SAE 2 Pin

Tactical Training Target System Components

by on Oct.07, 2016, under Tactical Training Target System Components

As a result of the use of Our SAE 2 Pin connectors in Tactical Training Target Systems, We have taken special interest in them, and especially in the component equipment. Tactical Training Target System Components would include not only electrical connector assemblies (for example, sae2pin connector assemblies), but linear and rotary actuators, micro controllers, piezo vibration sensors, and polymer targets.

Actively participating in Tactical Training using state of the art Target Systems, as well as participating in the market for components – We believe there will be a spike of interest in designing and assembling automated Target Systems. Upon investigating, we’ve found that the components are not all that sophisticated, and considering the number of shooters there are with pertinent knowledge – its entirely possible and likely there will be DIY (do-it-yourself) activity.

In fact, we’re doing exactly that, and moving up the learning curve. Experimenting with some ideas involving piezo vibration sensors to monitor hits on a polymer target via the deflection of a target support. Also experimenting with connection to an Arduino Micro Controller for controlling a linear or rotary actuator.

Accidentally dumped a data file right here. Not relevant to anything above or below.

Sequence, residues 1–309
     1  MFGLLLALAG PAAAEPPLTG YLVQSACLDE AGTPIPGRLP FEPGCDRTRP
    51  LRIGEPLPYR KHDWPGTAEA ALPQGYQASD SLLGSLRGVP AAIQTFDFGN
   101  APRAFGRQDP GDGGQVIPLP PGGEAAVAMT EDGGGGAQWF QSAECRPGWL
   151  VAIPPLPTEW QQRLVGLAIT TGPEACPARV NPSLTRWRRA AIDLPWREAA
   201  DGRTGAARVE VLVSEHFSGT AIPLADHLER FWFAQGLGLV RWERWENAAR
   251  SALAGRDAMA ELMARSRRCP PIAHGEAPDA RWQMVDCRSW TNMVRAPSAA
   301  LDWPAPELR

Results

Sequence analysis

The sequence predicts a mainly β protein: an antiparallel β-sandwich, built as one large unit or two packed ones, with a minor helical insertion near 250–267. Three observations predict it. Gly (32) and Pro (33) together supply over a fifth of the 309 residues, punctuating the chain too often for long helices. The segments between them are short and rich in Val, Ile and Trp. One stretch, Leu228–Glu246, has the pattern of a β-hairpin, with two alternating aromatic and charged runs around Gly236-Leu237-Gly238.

We are tapping into supplier recommendations, and working hand in hand to prompt and facilitate discussion and DIY activity. It is our hope to connect with those with an interest, and have an open exchange of ideas, experiences, and lessons learned.

We hope to prompt and facilitate discussion of realistic tactical shooting scenarios, and how they might be created with an automated target system. For example, that polymer targets don’t provide visual or audible feedback, makes for more realistic tactical simulation. Lending to further realism, is a target system arbitrarily setting not only which and how many targets move into view, but also the number of target hits that must be sensed before the target drops from view.

Another topic requiring attention and discussion will be: methods of protecting electronics and mechanical gear from stray bullets. For example, plywood may provide some scenario “prop” value (maybe painted up like brick wall, etc.), and it may provide some structure to which to attach components, but it will not provide protection. The more valuable components are going to need to be strategically placed, or provided “bullet proof” protection. This will certainly add to weight and more complicated set up.

We look forward to comments from a diverse group of interested contributors, and welcome questions and suggestions, as well!

Feel free to call or text Ray Bowers at 302-562-1706, or email at:

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